China denies selling oil to North Korea

  • Emily Rauhala
  • The Washington Post
6:00 a.m. Tuesday, Jan. 2, 2018 Politics
IWAN AFWAN/MARINETRAFFIC/NYT
An undated photo of the Lighthouse Winmore, a Hong Kong-flagged vessel suspected of transferring oil to North Korea in violation of United Nations sanctions. South Korea has seized the oil tanker, accused of transferring 600 tons of refined oil to a North Korean ship in October of 2017, South Korean officials said on Dec. 29, 2017.

Did a Chinese ship deliver oil to North Korea in defiance of the U.N. Security Council? President Donald Trump and South Korea seem to think so. China does not. 

Hours after Trump accused China on Thursday of being caught "red handed" selling oil to the North Koreans — in apparent violation of U.N. sanctions — South Korea released information that appeared to support his claim. 

South Korean authorities said Friday that on Nov. 24 they seized and inspected a Hong Kong-flagged vessel that on Oct. 19 transferred 600 tons of refined petroleum to a North Korean vessel. 

But at a daily press briefing in Beijing, a spokesperson for China's foreign ministry flatly dismissed the claim, saying media accounts "did not accord with the facts." 

"China has always implemented U.N. Security Council resolutions pertaining to North Korea in their entirety and fulfills its international obligations," said the spokeswoman, Hua Chunying. 

Mark Schiefelbein/AP
In this Sept. 15, 2017, file photo, Chinese foreign ministry spokeswoman Hua Chunying gestures during a press briefing at the Ministry of Foreign Affairs building in Beijing. China on Friday, Dec. 29, 2017 denied violating U.N.-imposed limits on oil supplies to North Korea after U.S. President Donald Trump criticized Beijing for allowing oil to reach the North.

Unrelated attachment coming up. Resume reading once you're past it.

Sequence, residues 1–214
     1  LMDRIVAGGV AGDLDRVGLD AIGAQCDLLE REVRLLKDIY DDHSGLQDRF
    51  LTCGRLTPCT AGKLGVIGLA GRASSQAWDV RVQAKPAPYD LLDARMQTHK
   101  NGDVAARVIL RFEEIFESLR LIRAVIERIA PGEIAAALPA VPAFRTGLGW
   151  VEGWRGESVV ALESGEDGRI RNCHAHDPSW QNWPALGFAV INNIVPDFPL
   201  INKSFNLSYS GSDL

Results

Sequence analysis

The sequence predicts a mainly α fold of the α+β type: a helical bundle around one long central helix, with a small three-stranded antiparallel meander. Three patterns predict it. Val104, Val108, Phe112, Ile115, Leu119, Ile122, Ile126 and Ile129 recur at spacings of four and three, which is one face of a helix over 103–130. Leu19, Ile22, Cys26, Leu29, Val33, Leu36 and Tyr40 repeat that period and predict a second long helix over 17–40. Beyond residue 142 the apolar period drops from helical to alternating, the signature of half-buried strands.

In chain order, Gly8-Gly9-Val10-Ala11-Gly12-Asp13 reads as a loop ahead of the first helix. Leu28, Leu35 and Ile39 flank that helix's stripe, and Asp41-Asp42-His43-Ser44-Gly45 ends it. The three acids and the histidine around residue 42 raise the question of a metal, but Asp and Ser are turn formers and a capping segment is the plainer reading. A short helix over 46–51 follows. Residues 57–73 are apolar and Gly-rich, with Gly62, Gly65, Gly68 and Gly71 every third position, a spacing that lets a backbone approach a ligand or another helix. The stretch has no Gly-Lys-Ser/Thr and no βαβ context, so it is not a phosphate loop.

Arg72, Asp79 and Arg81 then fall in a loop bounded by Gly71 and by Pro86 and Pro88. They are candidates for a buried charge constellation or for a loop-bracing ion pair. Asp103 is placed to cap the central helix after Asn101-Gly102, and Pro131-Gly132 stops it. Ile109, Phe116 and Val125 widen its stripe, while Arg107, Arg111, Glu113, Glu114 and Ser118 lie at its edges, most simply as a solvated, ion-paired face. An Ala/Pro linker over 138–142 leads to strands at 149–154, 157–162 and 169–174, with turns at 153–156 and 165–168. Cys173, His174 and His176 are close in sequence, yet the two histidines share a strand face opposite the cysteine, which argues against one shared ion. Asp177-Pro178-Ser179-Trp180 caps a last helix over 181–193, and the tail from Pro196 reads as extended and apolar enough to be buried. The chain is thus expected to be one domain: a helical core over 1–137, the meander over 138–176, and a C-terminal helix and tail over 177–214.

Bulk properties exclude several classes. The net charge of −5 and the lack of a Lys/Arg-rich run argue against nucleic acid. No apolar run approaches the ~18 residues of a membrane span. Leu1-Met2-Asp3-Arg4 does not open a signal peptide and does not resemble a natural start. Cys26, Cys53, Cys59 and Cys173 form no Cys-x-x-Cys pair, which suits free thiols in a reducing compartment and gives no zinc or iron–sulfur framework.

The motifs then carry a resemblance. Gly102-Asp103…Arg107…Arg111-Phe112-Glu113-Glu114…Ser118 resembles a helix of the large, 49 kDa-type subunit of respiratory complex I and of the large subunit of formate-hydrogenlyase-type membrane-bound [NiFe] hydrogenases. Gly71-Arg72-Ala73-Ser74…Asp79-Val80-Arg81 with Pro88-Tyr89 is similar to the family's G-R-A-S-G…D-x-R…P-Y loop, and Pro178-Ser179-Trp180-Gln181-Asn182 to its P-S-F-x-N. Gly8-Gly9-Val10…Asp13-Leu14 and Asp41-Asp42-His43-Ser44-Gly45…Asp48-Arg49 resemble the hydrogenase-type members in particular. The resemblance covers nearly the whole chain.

"We never allow Chinese companies and citizens to violate the resolutions," she said. 

The standoff underscores Trump's frustration at his attempts to press China to tighten economic pressures on North Korea as part of global efforts to curb the North's nuclear and missile programs. 

China is the economic lifeline for the regime of Kim Jong Un and Beijing is under close international security for gaps in the sanctions. 

China also appears angry at being unceremoniously called out by Trump — a rift that could shape the year ahead. 

Since Trump took office, the U.S. and China have backed successive rounds of U.N. sanctions aimed at curbing North Korea's weapons program. But Kim has continued to conduct tests, including tests of intercontinental ballistic missiles. 

Trump has responded by periodically — and often very publicly — urging China to do more. 

On Thursday, he did it again. "Caught RED HANDED," he tweeted, "Very disappointed that China is allowing oil to go into North Korea. There will never be a friendly solution to the North Korea problem if this continues to happen!". 

He then posted a clip of himself talking about North Korea's nuclear program in a television interview that aired 18 years ago. 

Trump's ire will not go down well in Beijing, which feels unfairly singled out by foreign critics, including Trump. 

On Wednesday, when Hua, the foreign ministry spokesperson, was asked about South Korean claims of a ship-to-ship oil transfer, she turned the tables on the media by claiming they did not have their facts straight. 

The People's Daily, a Communist Party-controlled newspaper, followed up with a detailed account of her response, noting that she "hit back at the speculation with eight questions to drive home the point that the conclusion is based on speculation and not facts." 

The headline: "China tells foreign media to stop it with the wild speculation."

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